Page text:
47.
ఎగుర గలవు నీవు యాకస మందున
నేను ఎటుల వత్తు నడక తోడ
యనగ కాకి బలికె యెంతయొ బ్రేమతొ
భయము వలదు హితుడ కలదు వెరవు! 47
తాత్పర్యము

English: You can fly high in the air. How can I follow you on land at snail’s pace? Hearing the doubt of the Mouse the crow said, “Do not fear. There is a way out of this tricky issue”

48.
ఎగుర గలను నేను ఎంతపైకి యయిన
గింగిరాలు కొట్టి కింద దిగెద
నాదు వీపు మీద నీవు కూరుచొనుము
యెగిరి పోద మటులె యేల భయము! 48
తాత్పర్యము

English: “Yes! Right! I can fly high in the air. I can do acrobatics in the air and land safely anywhere. You sit on my back. Why should you fear? We shall fly together.”

49.
ఎక్క మూషికుండు యెగిరెను కాకియు
మిత్రు జూడ ఎంతొ ముదము తోడ
ఆకసమున బోయె యమిత వేగముతోడ
చేరె బేగ చెలుని చెరువు చెంత! 49
తాత్పర్యము

English: Thus, as the mouse sat comfortably on her back the crow flew into the skies with intense speed and pleasure and reached his friend, the Tortoise place.meeting-a-new-friend-1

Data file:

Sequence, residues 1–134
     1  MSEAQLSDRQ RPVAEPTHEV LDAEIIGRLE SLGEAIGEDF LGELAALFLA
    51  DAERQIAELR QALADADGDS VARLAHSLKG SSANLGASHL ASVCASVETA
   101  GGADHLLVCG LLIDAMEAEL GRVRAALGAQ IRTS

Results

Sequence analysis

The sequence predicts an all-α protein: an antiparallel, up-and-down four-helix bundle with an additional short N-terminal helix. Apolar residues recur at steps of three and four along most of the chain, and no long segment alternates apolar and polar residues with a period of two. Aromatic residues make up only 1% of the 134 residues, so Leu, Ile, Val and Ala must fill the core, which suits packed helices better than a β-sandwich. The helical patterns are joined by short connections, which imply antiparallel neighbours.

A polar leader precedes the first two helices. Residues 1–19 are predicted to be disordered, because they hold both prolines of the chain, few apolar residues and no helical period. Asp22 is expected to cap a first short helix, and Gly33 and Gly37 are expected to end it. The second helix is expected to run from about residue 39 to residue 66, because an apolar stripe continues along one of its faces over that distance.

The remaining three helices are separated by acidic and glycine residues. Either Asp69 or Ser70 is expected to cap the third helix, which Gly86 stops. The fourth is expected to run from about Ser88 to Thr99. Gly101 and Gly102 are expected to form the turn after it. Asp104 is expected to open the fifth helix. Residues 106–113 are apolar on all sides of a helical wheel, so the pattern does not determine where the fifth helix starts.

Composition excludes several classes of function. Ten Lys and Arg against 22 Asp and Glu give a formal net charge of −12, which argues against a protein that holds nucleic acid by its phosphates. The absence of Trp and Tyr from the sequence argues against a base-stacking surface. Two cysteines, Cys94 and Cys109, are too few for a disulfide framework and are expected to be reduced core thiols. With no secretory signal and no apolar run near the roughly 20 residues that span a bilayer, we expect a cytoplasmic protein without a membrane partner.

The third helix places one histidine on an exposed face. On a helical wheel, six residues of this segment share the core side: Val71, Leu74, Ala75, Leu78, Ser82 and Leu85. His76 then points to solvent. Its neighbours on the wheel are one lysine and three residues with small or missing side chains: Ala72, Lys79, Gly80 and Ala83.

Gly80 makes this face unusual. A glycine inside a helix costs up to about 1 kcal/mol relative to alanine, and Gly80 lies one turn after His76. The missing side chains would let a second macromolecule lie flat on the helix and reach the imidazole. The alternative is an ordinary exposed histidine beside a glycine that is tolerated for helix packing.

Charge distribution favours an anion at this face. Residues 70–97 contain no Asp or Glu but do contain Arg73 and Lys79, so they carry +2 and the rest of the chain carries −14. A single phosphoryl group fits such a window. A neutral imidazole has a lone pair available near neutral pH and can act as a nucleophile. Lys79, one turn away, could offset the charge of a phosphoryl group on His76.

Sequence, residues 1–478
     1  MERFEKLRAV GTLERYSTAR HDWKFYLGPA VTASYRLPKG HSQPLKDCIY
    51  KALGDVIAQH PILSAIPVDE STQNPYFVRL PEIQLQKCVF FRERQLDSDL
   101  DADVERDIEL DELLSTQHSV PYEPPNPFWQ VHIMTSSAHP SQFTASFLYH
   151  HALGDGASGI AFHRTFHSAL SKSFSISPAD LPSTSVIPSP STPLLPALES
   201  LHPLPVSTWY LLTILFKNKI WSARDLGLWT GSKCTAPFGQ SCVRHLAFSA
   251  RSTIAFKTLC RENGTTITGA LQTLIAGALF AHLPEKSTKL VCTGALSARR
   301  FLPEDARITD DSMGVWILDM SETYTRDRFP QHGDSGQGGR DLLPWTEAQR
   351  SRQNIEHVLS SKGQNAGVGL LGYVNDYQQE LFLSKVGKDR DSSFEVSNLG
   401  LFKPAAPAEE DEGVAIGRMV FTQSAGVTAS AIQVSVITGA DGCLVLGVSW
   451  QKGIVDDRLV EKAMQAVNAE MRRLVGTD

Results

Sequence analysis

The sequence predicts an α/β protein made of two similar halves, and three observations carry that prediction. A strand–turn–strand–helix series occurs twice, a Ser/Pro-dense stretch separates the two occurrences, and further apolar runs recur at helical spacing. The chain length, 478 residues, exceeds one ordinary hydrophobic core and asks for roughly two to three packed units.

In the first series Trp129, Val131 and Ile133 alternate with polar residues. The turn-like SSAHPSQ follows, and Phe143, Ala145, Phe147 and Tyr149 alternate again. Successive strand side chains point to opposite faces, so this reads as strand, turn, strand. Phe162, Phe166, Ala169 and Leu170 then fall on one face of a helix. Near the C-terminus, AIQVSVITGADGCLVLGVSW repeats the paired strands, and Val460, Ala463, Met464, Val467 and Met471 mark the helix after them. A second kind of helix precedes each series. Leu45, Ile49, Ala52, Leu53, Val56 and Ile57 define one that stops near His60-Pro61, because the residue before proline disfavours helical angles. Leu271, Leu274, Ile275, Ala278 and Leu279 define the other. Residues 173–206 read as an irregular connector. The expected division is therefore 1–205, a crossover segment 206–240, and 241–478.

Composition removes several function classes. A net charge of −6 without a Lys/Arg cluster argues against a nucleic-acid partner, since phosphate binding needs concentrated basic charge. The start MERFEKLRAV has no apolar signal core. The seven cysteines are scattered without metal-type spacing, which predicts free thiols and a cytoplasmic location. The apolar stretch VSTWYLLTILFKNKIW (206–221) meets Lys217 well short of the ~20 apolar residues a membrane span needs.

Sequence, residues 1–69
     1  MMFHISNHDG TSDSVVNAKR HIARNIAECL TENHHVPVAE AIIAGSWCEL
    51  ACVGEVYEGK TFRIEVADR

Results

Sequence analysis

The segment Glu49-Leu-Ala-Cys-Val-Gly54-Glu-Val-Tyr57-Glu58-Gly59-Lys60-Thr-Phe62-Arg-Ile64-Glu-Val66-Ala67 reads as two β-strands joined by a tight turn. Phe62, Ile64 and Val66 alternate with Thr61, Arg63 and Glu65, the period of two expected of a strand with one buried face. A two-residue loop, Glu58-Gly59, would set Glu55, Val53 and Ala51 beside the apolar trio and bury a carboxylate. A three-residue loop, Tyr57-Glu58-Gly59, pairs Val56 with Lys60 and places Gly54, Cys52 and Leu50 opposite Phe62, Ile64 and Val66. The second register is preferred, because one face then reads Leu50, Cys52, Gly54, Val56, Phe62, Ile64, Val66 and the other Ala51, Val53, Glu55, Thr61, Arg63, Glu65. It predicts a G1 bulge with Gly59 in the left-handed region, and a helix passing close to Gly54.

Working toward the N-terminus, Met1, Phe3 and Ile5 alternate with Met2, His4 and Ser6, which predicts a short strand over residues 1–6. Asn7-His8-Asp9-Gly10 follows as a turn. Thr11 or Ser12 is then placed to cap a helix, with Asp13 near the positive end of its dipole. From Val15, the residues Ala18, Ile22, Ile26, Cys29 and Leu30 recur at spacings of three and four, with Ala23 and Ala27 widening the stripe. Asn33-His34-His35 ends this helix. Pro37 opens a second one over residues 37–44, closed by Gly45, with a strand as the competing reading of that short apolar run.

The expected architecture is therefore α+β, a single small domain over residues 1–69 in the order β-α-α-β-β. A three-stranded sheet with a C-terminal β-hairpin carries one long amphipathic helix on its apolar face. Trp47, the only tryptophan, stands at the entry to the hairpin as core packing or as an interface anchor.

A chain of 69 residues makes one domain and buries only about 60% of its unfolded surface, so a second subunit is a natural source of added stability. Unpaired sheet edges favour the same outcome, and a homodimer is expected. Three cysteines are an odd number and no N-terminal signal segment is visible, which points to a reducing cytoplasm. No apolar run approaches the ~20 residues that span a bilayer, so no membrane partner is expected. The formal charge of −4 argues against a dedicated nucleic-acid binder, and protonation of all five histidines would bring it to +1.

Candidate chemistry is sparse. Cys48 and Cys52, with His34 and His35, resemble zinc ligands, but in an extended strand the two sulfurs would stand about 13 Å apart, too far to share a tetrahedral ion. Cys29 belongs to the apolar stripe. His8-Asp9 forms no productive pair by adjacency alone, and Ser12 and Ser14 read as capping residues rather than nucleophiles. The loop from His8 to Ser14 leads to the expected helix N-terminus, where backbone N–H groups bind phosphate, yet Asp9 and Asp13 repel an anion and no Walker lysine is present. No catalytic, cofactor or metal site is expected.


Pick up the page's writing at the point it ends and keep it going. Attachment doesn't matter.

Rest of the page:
50.
పిలిచె హితుడ చూడు పరుగున వచ్చితి
వచ్చి కౌగలించు వొక్క సారి
మేని స్పర్శ మంచి గంధము కాదొకొ
కప్పురంబు తోడ కలియు రీతి! 50
తాత్పర్యము

English: After landing on the banks of the lake where the tortoise lives, the crow called out. “Oh! Friend! I came to see you with doubled up enthusiasm. Come and hug me. Elders say that the touch of a friend’s body is like camphor coated with sandalwood.

51.
కూర్మ మొచ్చి చూసె కడు సంతసము తోడ
కుశల మడిగె బ్రేమ కాకి జూసి
అడిగె హితుడ యెలుక యెటులొచ్చె నీ తోడు
కాకి తినదె యెలుక కాన గానె!
తాత్పర్యము

English: The tortoise came out with immense happiness and asked about the welfare of the crow. He asked with surprise, “Is not mouse your food? How could it accompany you, without your devouring him?”

52.
కాకి బలికె ఇటుల కడు ప్రేమ తోడను
మూషికుండు నాకు మంచి హితుడు
పరుల సేవ యతని పరమార్ధ మగుటను
చూసి నేనె యతని చెంత బోతి!
తాత్పర్యము

English: Crow said thus. “This Mouse King, Hiranyaka, is my best friend. His life is dedicated in the service of others. Looking at his service to others, I only approached him for a hand of friendship”

53.
మాయ లేదు యితడు మర్మమె యెరుగడు
నన్ను విడిచి యుండ నేర కుండె
మోసుకొస్తి ఇటకు మందరకమా యన
యెలుక చెప్పె ఇటుల యతని కధను!
తాత్పర్యము

English: The crow further said,” There is nothing secretive about his affairs and does not know miracles. He was unable to stay back in our earlier abode without me being there. So, I carried him on my back all the way, Oh! Mandaraka!” Then the mouse, Hiranyaka started telling his past story thus.
the-rescue-of-a-deer-1


 

न कोई किसी का मित्र है और न ही शत्रु, कार्यवश ही लोग मित्र और शत्रु बनते हैं॥